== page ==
Culinary Arts

Culinary Arts

A cook at Hanford making pies

Necessity is the Mother of Invention

  • Necessity is the Mother of Invention

    A cook at Hanford making pies

    Harry Petcher, the man in charge of Hanford's massive box lunch department, explains how engineers solved the problem of spreading margarine on 50,000 sandwiches.

    Narrator: Feeding Hanford’s enormous workforce required ingenuity and resourcefulness. Harry Petcher, the man in charge of Hanford’s massive box lunch department, along with his team of over 350 workers had to turn out more than 50,000 sandwiches every day. When the task of spreading margarine on sandwich bread threatened to slow down operations, Petcher’s crew came up with an ingenious solution.

    Harry Petcher: When we would make our sandwiches, we would put twelve to eighteen pieces of bread on a tray and one girl would put margarine on, another girl would put the meat on, another girl would put what they call the top on, and then another person would put it into the wrapping machine. So we were having a slow job on spreading the margarine. We tried to thaw or melt tubs and tubs and tubs of margarine and people are building up with spatulas trying to spread it and the waste is just something else.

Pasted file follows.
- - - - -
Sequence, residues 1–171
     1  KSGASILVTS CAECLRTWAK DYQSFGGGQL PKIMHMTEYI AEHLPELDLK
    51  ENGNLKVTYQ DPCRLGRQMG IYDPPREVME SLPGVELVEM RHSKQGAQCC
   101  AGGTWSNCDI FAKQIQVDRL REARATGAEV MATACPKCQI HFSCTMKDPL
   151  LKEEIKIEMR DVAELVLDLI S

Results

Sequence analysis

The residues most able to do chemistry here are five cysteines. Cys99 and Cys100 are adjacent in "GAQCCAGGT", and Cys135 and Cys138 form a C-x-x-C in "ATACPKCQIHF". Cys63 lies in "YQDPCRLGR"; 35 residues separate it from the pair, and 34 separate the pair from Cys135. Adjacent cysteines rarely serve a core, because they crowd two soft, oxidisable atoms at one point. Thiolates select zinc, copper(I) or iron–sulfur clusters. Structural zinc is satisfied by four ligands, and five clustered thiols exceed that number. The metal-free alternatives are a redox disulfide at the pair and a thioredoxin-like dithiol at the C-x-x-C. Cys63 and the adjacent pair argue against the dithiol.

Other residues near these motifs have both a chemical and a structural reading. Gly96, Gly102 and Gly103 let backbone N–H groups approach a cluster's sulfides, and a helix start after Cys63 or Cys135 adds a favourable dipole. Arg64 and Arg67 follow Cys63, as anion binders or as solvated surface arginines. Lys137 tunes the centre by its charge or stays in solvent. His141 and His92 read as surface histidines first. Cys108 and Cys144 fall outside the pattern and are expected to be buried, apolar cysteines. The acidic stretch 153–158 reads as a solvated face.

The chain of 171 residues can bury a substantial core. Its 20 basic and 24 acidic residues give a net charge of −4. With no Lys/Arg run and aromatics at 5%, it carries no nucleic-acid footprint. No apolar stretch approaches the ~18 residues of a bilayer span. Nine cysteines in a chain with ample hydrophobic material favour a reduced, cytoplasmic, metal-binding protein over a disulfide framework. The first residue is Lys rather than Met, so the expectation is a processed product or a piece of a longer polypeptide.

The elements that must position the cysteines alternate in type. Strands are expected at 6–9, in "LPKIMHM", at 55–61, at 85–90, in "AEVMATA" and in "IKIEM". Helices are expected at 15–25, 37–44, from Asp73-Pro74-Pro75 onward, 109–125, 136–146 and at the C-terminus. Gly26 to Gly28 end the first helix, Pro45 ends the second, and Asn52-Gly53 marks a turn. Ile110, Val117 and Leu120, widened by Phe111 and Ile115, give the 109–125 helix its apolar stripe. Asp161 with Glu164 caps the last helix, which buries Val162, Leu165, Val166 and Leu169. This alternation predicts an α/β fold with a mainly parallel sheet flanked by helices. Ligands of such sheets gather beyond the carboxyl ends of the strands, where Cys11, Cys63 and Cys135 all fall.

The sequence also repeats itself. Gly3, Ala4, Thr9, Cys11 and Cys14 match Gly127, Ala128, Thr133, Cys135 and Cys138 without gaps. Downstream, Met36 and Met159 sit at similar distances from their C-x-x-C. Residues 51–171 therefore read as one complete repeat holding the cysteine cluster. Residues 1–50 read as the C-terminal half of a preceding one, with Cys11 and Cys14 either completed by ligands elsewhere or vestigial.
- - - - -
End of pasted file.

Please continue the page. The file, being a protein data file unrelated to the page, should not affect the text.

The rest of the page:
We had a problem. One of the girl's husbands solved it and this guy came up with a spray. He took a paint spray where the spray thing sucks the paint up, he took two cathodes--metal cathodes that had electric heat in them--and put those down into the margarine. Then he’d take this spray gun and he would go, “Psh, psh, psh” and it would spray the bread. He invented this and we got about ten, twelve of them together put together by the engineering department. Necessity is the mother of invention, let's face it.


Quick Fact:
The Manhattan Project's enormous workforce meant administrators had to come up with innovative ways to feed thousands of people at a time.